The Help Director Tate Taylor Up For The Jury
Actor-turned-filmmaker Tate Taylor broke through in a major way last year directing the Oscar-winning adaptation of Kathryn Stockett's The Help. The drama, which centered on the struggles of women--black and white--in 1960s Mississippi, was both critically heralded as well as a box office sensation, earning more than $200 million worldwide. This resounding success has studios clamoring to work with Taylor, who not only helmed The Help, but also wrote its screenplay.
Surely he's been flooded with pitches for novel adaptations of every design, but only a few possibilities have surfaced. First, Warner Bros. approached him to adapt another 1960s-set bestseller, Peace Like a River. Then came talk that Tate might helm the Melissa McCarthy vehicle Tammy for New Line. But Taylor's proven extremely selective when it comes to his Help follow-up, and it seems both deals have since been rejected. Now, Deadline reports Taylor has entered into negotiations with Fox 2000 to write and direct a movie adaptation of the British mini-series The Jury.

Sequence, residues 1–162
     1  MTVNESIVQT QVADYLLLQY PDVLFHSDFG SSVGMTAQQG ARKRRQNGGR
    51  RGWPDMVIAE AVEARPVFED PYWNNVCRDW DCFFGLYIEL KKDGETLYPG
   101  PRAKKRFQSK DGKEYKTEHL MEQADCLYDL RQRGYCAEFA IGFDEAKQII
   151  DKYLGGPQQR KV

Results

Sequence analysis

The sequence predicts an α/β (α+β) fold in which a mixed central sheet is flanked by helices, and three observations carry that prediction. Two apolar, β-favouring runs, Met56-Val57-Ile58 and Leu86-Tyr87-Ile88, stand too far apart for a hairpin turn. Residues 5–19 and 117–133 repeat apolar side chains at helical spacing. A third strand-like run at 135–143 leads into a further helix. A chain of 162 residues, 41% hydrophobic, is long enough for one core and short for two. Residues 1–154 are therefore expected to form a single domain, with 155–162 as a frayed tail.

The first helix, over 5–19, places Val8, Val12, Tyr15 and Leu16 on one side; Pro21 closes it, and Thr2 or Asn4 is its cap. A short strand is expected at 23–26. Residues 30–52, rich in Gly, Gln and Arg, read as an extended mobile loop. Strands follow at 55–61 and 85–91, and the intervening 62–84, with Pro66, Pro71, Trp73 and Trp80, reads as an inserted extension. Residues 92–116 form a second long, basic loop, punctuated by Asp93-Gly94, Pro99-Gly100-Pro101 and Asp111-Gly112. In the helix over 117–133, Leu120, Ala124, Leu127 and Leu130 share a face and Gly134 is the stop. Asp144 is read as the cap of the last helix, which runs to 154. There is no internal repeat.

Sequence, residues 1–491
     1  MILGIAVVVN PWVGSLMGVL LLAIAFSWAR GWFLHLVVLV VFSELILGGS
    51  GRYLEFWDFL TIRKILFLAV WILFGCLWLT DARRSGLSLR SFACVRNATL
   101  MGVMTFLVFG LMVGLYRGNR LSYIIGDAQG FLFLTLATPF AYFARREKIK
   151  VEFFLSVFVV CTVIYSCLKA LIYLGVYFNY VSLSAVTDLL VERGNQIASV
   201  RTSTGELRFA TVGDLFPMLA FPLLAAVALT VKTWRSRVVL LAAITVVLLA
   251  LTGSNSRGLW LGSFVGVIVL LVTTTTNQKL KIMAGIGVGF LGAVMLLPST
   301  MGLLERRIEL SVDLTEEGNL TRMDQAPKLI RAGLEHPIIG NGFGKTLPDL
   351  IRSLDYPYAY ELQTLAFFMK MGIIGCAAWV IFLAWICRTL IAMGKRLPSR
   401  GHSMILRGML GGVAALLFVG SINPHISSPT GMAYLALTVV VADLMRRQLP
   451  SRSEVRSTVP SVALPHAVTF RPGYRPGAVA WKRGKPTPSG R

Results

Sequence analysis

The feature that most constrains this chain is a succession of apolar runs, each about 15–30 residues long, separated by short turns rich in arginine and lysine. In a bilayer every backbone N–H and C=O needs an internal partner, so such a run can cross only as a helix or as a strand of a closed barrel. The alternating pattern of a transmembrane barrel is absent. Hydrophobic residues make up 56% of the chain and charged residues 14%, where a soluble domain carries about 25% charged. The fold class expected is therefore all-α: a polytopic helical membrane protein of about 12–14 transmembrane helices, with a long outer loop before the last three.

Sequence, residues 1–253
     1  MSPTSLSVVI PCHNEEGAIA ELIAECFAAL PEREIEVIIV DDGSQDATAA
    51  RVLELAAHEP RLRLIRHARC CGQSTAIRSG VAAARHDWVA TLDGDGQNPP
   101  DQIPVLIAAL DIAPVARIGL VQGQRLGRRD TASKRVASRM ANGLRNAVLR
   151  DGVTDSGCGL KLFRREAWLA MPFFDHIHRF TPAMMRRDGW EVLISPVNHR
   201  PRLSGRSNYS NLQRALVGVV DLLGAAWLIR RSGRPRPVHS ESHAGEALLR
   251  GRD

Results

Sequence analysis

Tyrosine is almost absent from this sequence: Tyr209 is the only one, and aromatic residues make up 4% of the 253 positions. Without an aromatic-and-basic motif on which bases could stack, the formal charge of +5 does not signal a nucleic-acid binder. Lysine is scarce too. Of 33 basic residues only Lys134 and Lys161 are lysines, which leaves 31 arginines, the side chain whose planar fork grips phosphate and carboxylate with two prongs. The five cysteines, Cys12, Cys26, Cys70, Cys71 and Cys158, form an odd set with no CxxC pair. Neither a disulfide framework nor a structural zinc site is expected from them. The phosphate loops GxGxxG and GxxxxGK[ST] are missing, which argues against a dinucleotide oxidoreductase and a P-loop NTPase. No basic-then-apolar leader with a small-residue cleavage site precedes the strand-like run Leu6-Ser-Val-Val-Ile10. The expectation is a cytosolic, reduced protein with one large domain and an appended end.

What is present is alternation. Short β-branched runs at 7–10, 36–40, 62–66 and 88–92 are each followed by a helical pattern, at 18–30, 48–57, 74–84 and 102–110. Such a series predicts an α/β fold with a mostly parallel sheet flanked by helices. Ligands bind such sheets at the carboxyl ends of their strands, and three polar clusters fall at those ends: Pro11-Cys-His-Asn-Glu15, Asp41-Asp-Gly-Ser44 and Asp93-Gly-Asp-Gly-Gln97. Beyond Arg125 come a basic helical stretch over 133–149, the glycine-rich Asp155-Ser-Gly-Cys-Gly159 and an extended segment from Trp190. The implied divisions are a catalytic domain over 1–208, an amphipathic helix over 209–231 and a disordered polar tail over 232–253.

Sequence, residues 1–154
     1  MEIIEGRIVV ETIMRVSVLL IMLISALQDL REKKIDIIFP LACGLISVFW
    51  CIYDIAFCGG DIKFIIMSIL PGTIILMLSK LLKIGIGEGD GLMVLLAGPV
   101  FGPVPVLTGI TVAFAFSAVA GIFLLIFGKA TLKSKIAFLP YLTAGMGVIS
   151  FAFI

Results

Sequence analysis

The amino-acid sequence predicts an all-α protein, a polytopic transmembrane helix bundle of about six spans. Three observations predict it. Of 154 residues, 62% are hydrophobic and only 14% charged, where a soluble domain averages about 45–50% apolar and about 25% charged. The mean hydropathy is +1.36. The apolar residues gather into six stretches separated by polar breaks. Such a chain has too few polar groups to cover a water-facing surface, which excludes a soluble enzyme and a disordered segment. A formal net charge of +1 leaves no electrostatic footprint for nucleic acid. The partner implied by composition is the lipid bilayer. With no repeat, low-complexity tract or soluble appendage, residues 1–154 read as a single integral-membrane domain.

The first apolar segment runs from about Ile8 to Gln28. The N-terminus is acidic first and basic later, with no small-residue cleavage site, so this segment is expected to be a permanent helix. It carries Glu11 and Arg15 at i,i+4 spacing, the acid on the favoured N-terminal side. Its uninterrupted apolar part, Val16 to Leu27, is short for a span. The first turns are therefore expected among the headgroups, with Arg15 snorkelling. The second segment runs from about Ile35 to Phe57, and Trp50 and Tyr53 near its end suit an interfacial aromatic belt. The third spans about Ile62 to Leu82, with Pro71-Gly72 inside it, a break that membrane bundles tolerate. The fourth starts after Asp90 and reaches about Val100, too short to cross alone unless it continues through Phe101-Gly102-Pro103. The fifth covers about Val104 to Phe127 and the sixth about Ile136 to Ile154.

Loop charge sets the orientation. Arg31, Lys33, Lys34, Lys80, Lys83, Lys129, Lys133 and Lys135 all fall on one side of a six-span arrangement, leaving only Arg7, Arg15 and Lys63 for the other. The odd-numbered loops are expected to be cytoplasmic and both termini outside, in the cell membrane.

Fox originally purchased the property in 2007 with lined up Marc Forster (The Kite Runner) to direct and Ides of March playwright/screenwriter Beau Willimon attached to adapt the script. However, this project never got any traction, and so Forster moved on to Quantum Solace and Fox shelved The Jury until now.
Written by Peter Morgan, whose penned such heralded dramas as Frost/Nixon and The Queen, the six-episode mini-series centered on the jury of a murder trial wherein a Sikh boy is accused of murdering a classmate who had long tormented him. Dealing with taboo topics like race and prejudice, the story is still woefully relevant, and it seems likely The Jury movie would shift the setting from the U.K. to the U.S., to play better to audiences Stateside. Between the subject matter and the source material's character-driven and ensemble nature, this project seems a good fit for Taylor's sensibilities. Hopefully he'll sign on soon.
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